Fourth fire-related recall sees Zafira B models previously thought to be fixed recalled again; 234,938 UK cars affected
Vauxhall has been forced to issue its fourth fire-related recall for the Zafira B people carrier, after “a small number” of cars that have previously been recalled for fire risk “experienced melting to the plug that connects to the resistor fuse” in their heating and ventilation systems.
This latest recall applies to 234,938 second-generation Zafira ‘B’ models sold in the UK. The cars were built between 2005 and 2014, and are fitted with either no air-conditioning or manual air-conditioning. Customers whose cars were originally fixed under the 2015 action will need to have their cars repaired again. Concerned Zafira owners should contact Vauxhall on 08000 260866.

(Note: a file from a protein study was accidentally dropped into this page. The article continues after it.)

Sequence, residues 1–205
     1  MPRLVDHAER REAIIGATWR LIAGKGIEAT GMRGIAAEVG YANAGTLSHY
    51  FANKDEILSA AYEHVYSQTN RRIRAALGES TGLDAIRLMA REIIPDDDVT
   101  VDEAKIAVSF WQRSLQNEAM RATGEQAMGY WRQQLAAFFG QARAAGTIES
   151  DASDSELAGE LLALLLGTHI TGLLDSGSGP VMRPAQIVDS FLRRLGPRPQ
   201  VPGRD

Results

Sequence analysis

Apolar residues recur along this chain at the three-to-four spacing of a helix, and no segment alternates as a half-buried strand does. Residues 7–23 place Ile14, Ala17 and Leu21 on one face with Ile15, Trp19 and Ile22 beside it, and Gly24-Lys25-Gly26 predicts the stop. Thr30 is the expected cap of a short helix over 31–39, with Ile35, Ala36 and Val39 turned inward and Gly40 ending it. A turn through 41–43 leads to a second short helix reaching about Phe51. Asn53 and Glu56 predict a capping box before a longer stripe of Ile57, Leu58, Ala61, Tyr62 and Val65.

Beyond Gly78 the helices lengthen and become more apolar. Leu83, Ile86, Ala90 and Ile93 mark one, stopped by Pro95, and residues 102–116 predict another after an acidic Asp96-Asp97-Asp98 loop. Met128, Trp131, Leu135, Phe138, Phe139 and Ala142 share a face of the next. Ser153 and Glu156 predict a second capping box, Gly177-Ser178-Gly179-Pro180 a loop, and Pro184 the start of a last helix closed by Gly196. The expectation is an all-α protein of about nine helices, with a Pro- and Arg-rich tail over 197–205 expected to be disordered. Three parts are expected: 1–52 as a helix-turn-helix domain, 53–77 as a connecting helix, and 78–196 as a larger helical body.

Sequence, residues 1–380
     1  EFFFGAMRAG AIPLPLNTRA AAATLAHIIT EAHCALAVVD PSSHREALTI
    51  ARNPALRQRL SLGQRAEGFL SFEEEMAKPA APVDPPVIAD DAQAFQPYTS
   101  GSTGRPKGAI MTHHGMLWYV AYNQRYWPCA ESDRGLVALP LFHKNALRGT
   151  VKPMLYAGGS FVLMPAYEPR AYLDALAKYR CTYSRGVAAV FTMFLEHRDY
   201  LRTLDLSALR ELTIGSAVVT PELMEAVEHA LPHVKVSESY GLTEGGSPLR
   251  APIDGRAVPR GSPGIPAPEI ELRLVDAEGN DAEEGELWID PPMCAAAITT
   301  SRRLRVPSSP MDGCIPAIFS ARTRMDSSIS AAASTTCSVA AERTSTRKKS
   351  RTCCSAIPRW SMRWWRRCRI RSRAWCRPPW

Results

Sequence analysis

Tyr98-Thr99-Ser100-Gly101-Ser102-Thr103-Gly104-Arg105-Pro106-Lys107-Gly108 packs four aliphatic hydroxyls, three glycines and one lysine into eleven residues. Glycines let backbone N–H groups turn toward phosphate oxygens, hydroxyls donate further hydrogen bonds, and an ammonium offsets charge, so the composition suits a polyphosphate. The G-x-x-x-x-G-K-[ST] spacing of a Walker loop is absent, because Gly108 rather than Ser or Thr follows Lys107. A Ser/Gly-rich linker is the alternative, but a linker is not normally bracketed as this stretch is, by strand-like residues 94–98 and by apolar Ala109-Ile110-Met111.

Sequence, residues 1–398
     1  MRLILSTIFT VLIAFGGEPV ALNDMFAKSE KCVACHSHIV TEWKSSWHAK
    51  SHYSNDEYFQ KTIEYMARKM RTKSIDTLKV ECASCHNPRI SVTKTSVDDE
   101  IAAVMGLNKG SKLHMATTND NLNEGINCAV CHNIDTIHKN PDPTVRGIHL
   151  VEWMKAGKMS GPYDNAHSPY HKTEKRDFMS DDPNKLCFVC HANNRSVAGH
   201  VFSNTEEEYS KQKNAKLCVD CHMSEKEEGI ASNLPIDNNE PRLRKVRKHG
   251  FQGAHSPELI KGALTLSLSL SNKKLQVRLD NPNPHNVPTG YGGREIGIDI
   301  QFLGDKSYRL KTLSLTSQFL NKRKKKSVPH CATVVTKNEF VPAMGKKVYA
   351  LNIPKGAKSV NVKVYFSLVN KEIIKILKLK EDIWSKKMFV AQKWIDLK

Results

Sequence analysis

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Vauxhall worked with engineers at German firm Institute Fraunhofer to help determine the cause of the melting plugs. The fix involves “the fitment of a revised wiring harness, with additional fixing points and a replacement resistor” and takes an hour to carry out. There will be no charge to owners for the work, and Vauxhall has worked in conjunction with the Driver and Vehicle Standards Agency (DVSA) over the recall.
The Vauxhall Zafira B recall timeline is long and somewhat involved, but began in 2015 when Vauxhall recalled the same 234,938 cars as are being recalled in this April 2019 action. These cars were recalled in two separate actions.
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Then, in May 2016, the company announced a third recall that would apply to around 47,000 Zafira B with climate control, built between 2005 and 2014.